Film series showcases area studies program

GVL / Archive
Svetoslav Pavlov

GVL / Archive Svetoslav Pavlov

Kari Norton

Ballet and theatre have dominated Russian culture, and on Nov. 5 Grand Valley State University’s Area Studies will be showcasing the 2006 documentary “Ballerina,” which profiles five Russian dancers.

The documentary, directed by Bertrand Normand, is part of the Global Eyes Film Series and the Russian Studies Film Festival and follows the ballerinas from the Mariinsky Theatre, which was once known as Kirov. It shows the training sessions and work that took place in preparation for rehearsals, along with behind the scenes footage of the dancers’ everyday lives.

Svetoslav Pavlov, Grand Valley State University Russian studies’ program coordinator, said the film does a good job of highlighting that ballet and theater are still a big part of the Russian culture.

The Russian documentary is the third in a series of five films, each representing a different section of GVSU’s area studies departments.

Zulema Moret, organizer of the Global Eyes Film Series, said they are showing different types of films to promote global awareness and knowledge of cultures from around the world.

Each area studies coordinator chose a film according to his or her personal criteria, Moret said.

The Global Eyes Film Series started Oct. 10 with the Middle Eastern film “Koran By Heart,” directed by Greg Barker, followed by “Life and Debt,” directed and produced by Stephanie Black, on Oct. 22 as the African American studies film choice.

The films are taken from different approaches and perspectives.

On Nov. 19, the Asian studies will show the film “Last Train Home,” directed by Lixin Fan. The Chinese documentary focuses on migrant workers taking the train home for the Chinese New Year to the lives they had to leave behind in order to find work.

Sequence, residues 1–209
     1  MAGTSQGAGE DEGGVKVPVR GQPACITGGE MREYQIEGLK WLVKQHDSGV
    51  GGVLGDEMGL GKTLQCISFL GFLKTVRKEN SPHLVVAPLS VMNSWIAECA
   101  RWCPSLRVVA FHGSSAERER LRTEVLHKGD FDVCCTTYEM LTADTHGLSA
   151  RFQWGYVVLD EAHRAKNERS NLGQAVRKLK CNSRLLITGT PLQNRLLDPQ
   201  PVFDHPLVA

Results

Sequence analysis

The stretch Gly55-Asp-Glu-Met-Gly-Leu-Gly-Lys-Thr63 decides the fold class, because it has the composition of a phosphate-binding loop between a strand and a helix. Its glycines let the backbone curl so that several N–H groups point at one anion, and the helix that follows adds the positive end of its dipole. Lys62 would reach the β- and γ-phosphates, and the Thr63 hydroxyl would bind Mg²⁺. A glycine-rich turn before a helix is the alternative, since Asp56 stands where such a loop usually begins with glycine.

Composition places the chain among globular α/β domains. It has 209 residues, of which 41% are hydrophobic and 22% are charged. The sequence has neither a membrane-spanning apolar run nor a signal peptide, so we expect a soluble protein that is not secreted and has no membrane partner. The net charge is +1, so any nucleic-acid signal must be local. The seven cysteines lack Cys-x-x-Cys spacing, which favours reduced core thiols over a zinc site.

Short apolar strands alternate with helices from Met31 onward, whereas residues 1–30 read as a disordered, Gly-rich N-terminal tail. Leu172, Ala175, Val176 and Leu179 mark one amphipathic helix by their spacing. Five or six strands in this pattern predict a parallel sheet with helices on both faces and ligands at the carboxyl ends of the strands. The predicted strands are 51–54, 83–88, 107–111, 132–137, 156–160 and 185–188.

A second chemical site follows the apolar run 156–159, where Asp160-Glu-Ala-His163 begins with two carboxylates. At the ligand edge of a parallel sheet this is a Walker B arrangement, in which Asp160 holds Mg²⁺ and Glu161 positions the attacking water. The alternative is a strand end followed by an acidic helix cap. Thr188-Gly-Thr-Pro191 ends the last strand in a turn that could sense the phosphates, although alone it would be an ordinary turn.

The final film in the series, “Nostalgia de la luz” (Nostalgia for the Light), directed by Patricio Guzmán, will be presented Dec. 3 by the Latin American studies. In the film, astronomers gather in Chile from all over the world to study the stars, while a group of women search the soil in an attempt to dig up the remains of their long-lost relatives.

“Ballerina” also kicks off the Russian Studies Film Festival, and Pavlov said the film is different from the others that were chosen in its series because it is a documentary.

“This is the first Russian film festival at GVSU and the start of a tradition,” Pavlov said. “We want to make it known in the Russian speaking community, it is not just a campus and university event, but for the whole community.”

The film festival runs until Nov. 8 and will include “Vodka Lemon,” “Since Otar Left,” and “Kidnapping, Caucasian Style.”

The Nov. 5 showing of “Ballerina” will take place in Mackinac Hall, room 126 on GVSU’s Allendale Campus at 7 p.m. The event is free and open to the public, and refreshments will be served. For more information contact [email protected]
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